• Hawaiian Sea Frontier[3] - The Hawaiian Sea Frontier (HawSeaFron) was a formation of the United States Navy established during World War II.[5] It was organized to defend the island of Oahu. Vice Admiral David W. Bagley served as COMHAWSEAFRON from 4 April 1942 until July 1943. The Hawaiian Sea Frontier did not actually come into a settled form until September 1942. The Assistant Chief of Staff (HawSeaFron) attempted to mold the organization to a degree similar to the Western Sea Frontier. The difficulty of selecting a site for the joint Operating Center delayed his plans. Originally, it was planned to have a district headquarters in Honolulu, with a part of the building devoted to the Frontier headquarters. When the plan did not prove feasible, it was decided to take two and a half tunnels at the Aliamanu Crater. Because of the limitations of space and the distance from the Commandant's headquarters, the location did not become more than an operational center. Since the Crater was on U.S. Army property, the construction of a Joint Operating Center with a major plot was never accomplished because of the fluctuations of the war and difficulties over appropriations. One service did not desire to build and pay more than its share of expenses from its limited appropriations for the benefit of another service. The Frontier suffered because of its unique location to the Pacific Fleet's sprawling auxiliary, ComServPac. These two echelons determined the number of vessels under its control as well as the complements of manpower. In cases of emergency, units of the Fleet took over convoy and antisubmarine patrols. Just as its surface units were controlled by higher echelons, so also were its air units by Air Forces, Pacific Fleet. The major functions of the Hawaiian Sea Frontier were the maintenance of picket ships outside Pearl Harbor and the Port of Honolulu, the escorting of inter-island shipping, and the establishment of air-sea rescue facilities.
  • Moroccan Sea Frontier - The Morocco Sea Frontier, sometimes called the North Africa Sea Frontier, was a U.S. naval unit on the east coast of French Morocco during World War II. It was established as a Sea Frontier under the command of Rear Admiral John L. Hall, Jr.
  • Northwest Sea Frontier[3] - established as the Pacific Northern Naval Coastal Frontier, became the Northwest Sea Frontier in 1942, with headquarters at Seattle.[1] Its Commander was also Commandant of the Thirteenth Naval District, and its land area coincided with that of the District, which until April 1944. included Alaska, Washington, Oregon, Montana, Idaho, and Wyoming. For administrative and operational purposes the Frontier was divided into the Northwestern and the Alaskan Sectors. In conjunction with the Army the Frontier maintained the Joint Operations Center at Seattle. On April 15, 1944, the Seventeenth Naval District, which consisted of Alaska and the Aleutian Islands, was established, and the Northwest Sea Frontier was abolished.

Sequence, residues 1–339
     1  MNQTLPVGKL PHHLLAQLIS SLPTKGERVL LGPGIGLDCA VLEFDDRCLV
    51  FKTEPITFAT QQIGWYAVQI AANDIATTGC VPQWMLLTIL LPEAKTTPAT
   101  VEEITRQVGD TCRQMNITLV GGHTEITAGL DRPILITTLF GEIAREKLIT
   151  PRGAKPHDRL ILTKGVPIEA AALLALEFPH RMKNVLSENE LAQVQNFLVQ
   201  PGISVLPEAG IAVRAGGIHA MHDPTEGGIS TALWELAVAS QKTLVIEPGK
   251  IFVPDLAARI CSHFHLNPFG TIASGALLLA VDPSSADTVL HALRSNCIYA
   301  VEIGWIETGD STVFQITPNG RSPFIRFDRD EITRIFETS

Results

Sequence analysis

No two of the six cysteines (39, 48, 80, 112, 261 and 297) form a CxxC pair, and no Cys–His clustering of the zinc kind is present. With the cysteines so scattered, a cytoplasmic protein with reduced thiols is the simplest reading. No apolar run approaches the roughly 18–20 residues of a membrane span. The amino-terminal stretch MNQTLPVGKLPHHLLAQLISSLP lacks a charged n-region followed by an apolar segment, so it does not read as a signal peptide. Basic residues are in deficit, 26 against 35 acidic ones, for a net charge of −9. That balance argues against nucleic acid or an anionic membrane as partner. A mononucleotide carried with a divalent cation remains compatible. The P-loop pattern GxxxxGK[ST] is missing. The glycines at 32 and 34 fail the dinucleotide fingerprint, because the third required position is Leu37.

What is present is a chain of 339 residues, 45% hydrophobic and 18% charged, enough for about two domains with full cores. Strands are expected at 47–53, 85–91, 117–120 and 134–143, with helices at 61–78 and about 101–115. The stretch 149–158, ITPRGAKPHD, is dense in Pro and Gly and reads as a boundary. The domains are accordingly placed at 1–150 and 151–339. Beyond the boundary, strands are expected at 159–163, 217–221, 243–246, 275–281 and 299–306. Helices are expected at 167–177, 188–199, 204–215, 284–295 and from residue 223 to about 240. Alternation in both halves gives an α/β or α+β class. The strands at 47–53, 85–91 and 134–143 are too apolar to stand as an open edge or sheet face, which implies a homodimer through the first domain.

• Panama Sea Frontier[3]
  • Philippine Sea Frontier - organised after U.S. return to the Philippines in 1944
  • Western Sea Frontier[3] - the Western Sea Frontier (WESTSEAFRON) headquartered in San Francisco, California, USA, was responsible for the sea defense of the Pacific coast of the United States and Mexico during World War II. The frontier commander was designated Commander, Western Sea Frontier (COMWESTSEAFRON). The Western Sea Frontier was composed of many forces and commands, including the Eleventh, Twelfth, and Thirteenth Naval Districts. The Western Sea Frontier consisted of the Pacific Coastal regions lying west of the Cascade Range and Sierra Nevada as well as of Alaska. On April 4, 1942, Rear Admiral David W. Bagley relieved Rear Admiral Claude C. Bloch as Commandant, 14th Naval District, and Commander, Hawaiian Sea Frontier, and he served in that capacity until January 1943. On February 1, 1943, he assumed command of the Western Sea Frontier and, on March 30, 1943, added the duties of Commandant, 11th Naval District. He held the latter office only until January 1944, but continued to head the Western Sea Frontier until the following fall.

Western Sea Frontier's commander also served as commander of the Pacific Reserve Fleet as of 1937-38.[6]

See also[edit]

Notes[edit]

  1. ^ a b HyperWar, Federal Records of World War II Volume II Military Records, Part Four, 1083
  2. ^ Hal M. Friedman, 'Arguing over the American Lake: Bureaucracy and Rivalry in the U.S. Pacific, 1945-47' Texas A&M University Press, 2009, ISBN 1-60344-125-5, p.108
  3. ^ a b c d e f g Potter & Nimitz, p.552
  4. ^ Samuel Eliot Morison, 'History of United States Naval Operations in World War II: The Battle of the Atlantic' University of the Illinois Press, 2001, ISBN 0-252-06963-3, p.135
  5. ^ The US Navy and Hawaii: The War Years
  6. ^ The Code of federal regulations of the United States of America having general applicability and legal effect in force June 1, 1938: 1st ed., published by the Division of the Federal register, the National archives, pursuant to section 11 of the Federal register act as amended June 19, 1937 (Google eBook)

References[edit]